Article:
Big US Banks Ate Everyone's Lunch: Strategist

US banks should be allowed to take a hit from risky investments if the free market is to be preserved, Sean Corrigan, chief investment strategist at Diapason Commodities Management, told CNBC Monday.

"The privileged few clustering around the Treasury Secretary and the Fed have eaten everybody else's lunch," Corrigan said.

Federal Reserve Chairman Ben Bernanke said on Thursday that another round of quantitative easing was not imminent, after the second round was completed.

Corrigan believes that there will eventually be another round of quantitative easing, but not until after the worst of the economic gloom has passed.

Standard & Poor's warned last week that it may cut the US debt rating as prolonged discussions in government failed to find a resolution over the debt ceiling issue.

One key sticking point lies in raising taxes on higher earners, which many Republicans object to.

"If you want to preserve some kernel of the free market, you can't have corporate welfare socialism and then expect all the austerity to fall at the bottom of the pile," Corrigan said.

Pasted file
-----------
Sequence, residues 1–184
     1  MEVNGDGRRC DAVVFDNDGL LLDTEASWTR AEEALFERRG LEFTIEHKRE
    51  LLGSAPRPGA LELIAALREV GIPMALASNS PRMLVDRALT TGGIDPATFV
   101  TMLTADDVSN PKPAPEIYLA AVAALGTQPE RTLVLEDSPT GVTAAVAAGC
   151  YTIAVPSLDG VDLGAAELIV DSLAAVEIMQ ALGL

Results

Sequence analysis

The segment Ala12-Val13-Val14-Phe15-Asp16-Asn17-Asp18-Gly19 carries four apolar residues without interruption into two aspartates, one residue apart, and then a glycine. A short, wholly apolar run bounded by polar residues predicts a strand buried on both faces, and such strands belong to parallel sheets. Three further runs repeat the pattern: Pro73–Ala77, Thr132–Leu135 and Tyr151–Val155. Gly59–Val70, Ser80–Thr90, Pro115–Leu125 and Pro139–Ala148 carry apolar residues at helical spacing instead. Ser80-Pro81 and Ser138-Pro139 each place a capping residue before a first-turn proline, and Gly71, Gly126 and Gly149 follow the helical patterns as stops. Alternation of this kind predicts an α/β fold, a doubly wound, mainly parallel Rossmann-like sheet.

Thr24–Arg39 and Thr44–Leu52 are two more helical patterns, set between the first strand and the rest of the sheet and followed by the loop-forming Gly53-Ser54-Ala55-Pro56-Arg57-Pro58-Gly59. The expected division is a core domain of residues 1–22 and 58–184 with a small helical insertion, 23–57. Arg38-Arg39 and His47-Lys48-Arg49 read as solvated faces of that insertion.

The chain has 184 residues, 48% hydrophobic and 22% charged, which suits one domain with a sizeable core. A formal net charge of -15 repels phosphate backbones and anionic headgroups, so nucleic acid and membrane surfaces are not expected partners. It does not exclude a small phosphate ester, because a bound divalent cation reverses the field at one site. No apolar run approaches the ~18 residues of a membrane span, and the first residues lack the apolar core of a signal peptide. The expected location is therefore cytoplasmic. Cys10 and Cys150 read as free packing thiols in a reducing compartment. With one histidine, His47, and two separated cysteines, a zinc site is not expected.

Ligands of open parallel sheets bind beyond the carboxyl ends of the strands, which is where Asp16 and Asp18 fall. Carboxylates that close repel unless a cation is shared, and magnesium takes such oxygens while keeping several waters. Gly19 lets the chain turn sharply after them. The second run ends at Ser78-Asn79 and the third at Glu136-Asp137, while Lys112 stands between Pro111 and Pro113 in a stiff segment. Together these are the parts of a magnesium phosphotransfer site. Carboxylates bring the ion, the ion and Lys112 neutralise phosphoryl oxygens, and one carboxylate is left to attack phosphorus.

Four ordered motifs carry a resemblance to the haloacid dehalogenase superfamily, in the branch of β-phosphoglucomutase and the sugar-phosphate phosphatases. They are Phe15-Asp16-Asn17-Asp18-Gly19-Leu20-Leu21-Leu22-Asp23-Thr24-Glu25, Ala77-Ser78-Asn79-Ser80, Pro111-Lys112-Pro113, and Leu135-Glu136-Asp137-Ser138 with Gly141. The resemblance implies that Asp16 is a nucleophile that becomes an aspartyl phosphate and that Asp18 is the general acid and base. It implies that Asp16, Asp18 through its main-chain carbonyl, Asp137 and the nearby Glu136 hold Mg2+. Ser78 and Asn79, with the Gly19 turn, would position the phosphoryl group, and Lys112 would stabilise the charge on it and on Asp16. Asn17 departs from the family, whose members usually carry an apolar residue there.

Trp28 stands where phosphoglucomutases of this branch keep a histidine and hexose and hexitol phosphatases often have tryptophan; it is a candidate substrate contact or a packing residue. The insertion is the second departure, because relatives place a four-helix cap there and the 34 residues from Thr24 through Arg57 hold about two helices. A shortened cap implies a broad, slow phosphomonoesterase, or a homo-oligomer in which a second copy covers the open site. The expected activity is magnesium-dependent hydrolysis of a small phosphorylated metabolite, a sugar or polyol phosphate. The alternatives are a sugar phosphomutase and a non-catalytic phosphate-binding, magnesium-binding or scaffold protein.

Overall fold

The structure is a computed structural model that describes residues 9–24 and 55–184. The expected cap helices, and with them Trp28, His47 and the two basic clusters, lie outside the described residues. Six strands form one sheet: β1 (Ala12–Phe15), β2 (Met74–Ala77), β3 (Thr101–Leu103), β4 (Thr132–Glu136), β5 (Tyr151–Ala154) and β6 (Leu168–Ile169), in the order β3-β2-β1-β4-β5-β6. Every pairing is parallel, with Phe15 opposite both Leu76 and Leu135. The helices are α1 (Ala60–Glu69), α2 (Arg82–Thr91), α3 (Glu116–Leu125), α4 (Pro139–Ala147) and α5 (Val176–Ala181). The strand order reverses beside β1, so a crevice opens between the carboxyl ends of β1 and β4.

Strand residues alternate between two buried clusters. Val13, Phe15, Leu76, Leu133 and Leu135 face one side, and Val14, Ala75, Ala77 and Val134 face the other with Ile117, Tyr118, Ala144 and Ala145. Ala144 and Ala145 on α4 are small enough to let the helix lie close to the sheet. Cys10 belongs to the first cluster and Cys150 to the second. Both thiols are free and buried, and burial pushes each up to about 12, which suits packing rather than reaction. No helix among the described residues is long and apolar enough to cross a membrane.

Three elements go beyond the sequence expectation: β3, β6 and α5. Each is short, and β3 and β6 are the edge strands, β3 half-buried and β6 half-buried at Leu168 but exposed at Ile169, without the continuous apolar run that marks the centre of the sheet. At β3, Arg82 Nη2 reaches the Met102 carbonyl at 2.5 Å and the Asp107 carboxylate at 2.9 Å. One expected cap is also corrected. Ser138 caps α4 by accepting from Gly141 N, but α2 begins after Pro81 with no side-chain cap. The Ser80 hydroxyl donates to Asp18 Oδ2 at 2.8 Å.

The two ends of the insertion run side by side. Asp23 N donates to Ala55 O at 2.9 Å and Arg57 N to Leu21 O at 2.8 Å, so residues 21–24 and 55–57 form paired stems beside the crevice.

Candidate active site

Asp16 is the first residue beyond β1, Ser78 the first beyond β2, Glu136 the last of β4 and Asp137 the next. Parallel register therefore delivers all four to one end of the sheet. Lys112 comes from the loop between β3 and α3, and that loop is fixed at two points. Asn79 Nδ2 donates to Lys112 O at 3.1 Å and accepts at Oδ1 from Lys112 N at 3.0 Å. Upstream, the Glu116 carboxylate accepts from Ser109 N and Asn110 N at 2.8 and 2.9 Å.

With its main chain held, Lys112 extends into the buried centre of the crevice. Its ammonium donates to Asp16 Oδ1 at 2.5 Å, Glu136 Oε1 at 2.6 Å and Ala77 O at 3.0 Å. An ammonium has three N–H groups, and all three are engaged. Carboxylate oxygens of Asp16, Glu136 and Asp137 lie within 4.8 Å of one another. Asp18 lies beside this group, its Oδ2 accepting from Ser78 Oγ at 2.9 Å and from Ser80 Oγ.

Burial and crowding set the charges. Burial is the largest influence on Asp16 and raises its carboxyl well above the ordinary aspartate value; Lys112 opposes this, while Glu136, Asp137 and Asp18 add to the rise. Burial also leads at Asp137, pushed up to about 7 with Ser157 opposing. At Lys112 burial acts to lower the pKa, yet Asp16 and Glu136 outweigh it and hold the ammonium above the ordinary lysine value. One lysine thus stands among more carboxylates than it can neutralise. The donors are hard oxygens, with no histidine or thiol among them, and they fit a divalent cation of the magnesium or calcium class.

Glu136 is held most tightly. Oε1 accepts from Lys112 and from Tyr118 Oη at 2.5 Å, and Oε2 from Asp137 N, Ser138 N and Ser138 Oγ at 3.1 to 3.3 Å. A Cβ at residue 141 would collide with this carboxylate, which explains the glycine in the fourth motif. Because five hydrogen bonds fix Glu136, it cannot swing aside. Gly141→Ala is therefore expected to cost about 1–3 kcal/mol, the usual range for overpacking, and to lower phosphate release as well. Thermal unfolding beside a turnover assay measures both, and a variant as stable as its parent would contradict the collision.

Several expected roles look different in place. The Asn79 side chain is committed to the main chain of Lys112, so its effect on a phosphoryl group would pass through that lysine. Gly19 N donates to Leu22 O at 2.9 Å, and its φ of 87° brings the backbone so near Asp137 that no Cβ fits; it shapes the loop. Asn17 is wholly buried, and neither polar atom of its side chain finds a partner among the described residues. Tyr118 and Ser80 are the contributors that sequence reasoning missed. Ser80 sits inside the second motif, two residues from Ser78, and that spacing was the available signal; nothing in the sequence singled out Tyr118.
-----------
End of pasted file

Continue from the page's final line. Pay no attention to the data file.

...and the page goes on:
"This is supposed to be a free market where informed investors take decisions to invest their capital and when the capital risk backfires they have to pay for it," he added.

On Sunday, White House budget director Jack Lew said there had been "activity and progress" in efforts to conclude to raise the debt ceiling.

Some Republicans, including Michelle Bachman, one of the party's potential Presidential candidates, have vowed to vote against raising the debt ceiling.

"We know that the burden of debt payment is almost certainly unpayable under the current structure," Corrigan said. "We can only presume that efforts are being made, although we can't always approve of the direction they are taking."

The bailout of many of the US banks in the wake of the credit crisis, after Lehman Brothers had collapsed, was misguided, he believes.

"If a bank goes bust, its assets will fall into stronger hands," he said.

"These are pretty deep global markets, and there are trillions of dollars in the world, with lots of people looking for an investment opportunity. Give them one."


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